Born in Manchester in , and growing up in Altrincham, Nicholas went on to later study in London — a city that significantly informs his own writing and he still visits often. The author of seven novels, three volumes of short stories and two novellas, he is also an Editor at Salt Publishing. When working in Manchester, he is Reader in Creative Writing at Manchester Metropolitan University, head judge of the Manchester Fiction Prize and it is in this city he established a particularly gripping way of giving people short stories: Nightjar Press. The name in itself, is intriguing. Nightjar Press very much follows this inspiration, publishing short story chapbooks that feel delightfully delicate to hold, yet are weighted with the weird themes of darkness, The Uncanny and The Gothic. Designed by John Oakey, the books are finalised with enigmatic cover imagery - often the work of local artists or Nicholas himself.
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Nicholas Royle. Manchester: Manchester University Press, Freud has influenced culture in general and philosophy, literature, and cultural studies, but has been incorporated into each discipline in a very different manner. The book includes one very uncanny digression about the RAE the national Research Assessment Exercise that rates the productivity of academic departments in the UK , in which the author attempts to deconstruct the "programming" to which academic institutions subject their employees.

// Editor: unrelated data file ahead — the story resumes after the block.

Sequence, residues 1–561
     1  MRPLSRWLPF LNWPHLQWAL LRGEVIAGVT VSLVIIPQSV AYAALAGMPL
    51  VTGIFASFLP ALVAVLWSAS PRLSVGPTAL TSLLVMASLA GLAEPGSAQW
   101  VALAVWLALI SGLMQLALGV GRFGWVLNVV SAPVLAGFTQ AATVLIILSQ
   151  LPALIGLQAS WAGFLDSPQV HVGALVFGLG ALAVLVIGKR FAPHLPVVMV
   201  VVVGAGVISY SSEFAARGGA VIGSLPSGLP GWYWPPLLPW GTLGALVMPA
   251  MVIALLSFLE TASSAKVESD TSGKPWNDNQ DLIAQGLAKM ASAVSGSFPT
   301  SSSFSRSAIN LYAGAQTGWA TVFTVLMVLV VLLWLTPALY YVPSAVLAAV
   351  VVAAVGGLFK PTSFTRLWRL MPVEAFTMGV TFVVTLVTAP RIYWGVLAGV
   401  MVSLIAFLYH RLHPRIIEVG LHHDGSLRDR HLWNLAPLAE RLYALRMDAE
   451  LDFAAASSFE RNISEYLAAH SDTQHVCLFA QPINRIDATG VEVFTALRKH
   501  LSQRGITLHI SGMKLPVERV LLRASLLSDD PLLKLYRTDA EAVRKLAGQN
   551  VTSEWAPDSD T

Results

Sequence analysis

It is also a self-reflexive poke at the fact that "[e]verything in the present book, as the work of an academic employed by a British university, has been assembled in the shadow or night of the RAE" On the one hand, the style of the book is refreshing and playful. On the other hand, the style of the book does little to aid understanding, and I found its level of vagueness disturbing.
It is difficult to find a clear argument, a commitment to a position, or a sustained structured analysis of a topic in the book. Another disturbing tendency in the text is for too many things to be "about" each other. The references to secondary literature are engaging and the work draws various connections for example, between the death drive and telepathy that are imaginative and thought provoking.
But as a sustained argument or a structured analysis, this book has limited success.
The Dummy & Other Uncannny Stories